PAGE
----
We expected Saginaw Valley to be better than they were. With this match being right after a long, fast paced game, we knew we would be tired and tried to play this game slower and win with our catching ability. Our team did just that and we were able to secure the win without too much stress. 

We needed our rookies to step up on Saturday and they did that and more. Evan Miller’s confidence and performance took other teams by surprise; he made several critical plays that changed the outcome of the point. Also, Ethan Lehmkuhl proved his contingency for Rookie of the Year with his court presence and numerous eliminations. We know we did not play perfectly throughout the day, but this team is still young and has plenty of time to improve even more throughout the year.

– Ryan Ginsberg, Ohio State Captain

Saginaw Valley State University

Overall, I’m happy with our performance this weekend. Though we went 1-2, I’m actually not disappointed, and as a team, we were definitely not discouraged in the slightest. For a large chunk of our team, this was their first ever dodgeball tournament, and first ever actual matches.

Our first match against Bowling Green was our first match as a complete team and the first in over a year and a half since COVID hit for our veterans. Our biggest downfall in this match was our lack of a game plan to be able to handle Bowling Green’s catching. As the day went on we definitely improved, but our inexperience really showed in this one as the catches just seemed to keep racking up for the Falcons against us.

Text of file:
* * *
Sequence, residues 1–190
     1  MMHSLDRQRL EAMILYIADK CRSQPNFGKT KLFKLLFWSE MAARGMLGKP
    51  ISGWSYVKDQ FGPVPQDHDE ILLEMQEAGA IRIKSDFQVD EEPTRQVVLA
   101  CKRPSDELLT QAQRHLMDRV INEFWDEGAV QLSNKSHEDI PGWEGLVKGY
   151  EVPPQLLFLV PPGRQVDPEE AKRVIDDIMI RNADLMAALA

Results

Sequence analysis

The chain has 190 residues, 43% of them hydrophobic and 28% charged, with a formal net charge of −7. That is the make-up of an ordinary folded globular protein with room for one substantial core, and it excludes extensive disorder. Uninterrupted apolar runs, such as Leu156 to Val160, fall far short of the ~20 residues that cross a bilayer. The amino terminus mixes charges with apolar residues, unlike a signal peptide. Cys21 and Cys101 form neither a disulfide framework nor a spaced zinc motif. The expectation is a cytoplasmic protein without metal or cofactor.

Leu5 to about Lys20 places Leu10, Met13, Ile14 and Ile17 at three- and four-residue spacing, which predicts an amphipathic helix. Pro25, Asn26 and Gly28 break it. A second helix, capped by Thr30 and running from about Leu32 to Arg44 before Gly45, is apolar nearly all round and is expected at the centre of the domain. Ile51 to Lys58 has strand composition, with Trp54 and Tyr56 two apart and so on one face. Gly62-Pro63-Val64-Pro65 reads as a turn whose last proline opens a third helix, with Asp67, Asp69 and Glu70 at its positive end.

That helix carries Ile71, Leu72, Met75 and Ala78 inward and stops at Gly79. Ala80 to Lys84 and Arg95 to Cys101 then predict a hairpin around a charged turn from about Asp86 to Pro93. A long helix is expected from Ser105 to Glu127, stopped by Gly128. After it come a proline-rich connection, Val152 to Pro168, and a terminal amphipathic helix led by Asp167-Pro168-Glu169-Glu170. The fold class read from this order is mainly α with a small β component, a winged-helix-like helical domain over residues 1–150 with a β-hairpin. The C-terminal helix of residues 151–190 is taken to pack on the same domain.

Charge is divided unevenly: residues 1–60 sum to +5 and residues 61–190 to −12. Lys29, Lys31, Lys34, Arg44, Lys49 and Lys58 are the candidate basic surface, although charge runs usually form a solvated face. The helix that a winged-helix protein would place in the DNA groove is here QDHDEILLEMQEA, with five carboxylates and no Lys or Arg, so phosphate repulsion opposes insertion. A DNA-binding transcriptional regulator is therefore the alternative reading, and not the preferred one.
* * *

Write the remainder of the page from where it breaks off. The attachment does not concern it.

What we did against Bowling Green was a great learning experience for us to take into our game against Miami, because we won this match handily. This match was a much better performance for us, and specifically Joe Barber and Tristan Baller were able to fix a lot of the mistakes from our first match that ultimately allowed us to secure a solid win versus the RedHawks.

With our first two matches being great learning experiences and confidence boosts for us, I am the most proud of our match against Ohio State. Our third and final match of the day was perhaps our best overall performance, against a top contending team. With great performances from Tyler Adams and our Captains, we were able to put two points on the board and almost force overtime against the Buckeyes, ultimately falling 4-2, with the 4th point being scored late. I saw some impressive improvements from our rookies Cole Manchiela, DJ Goodwin, and Anthony Roehrl. As a team, I think there is great potential for us to continue to improve and develop our very strong rookie class. As we work on securing the simple catches that were missed frequently during the tournament and improving our game plan and communication, Saginaw Valley could become a truly tough competitor.

– Bryce Stevens, Saginaw Valley Captain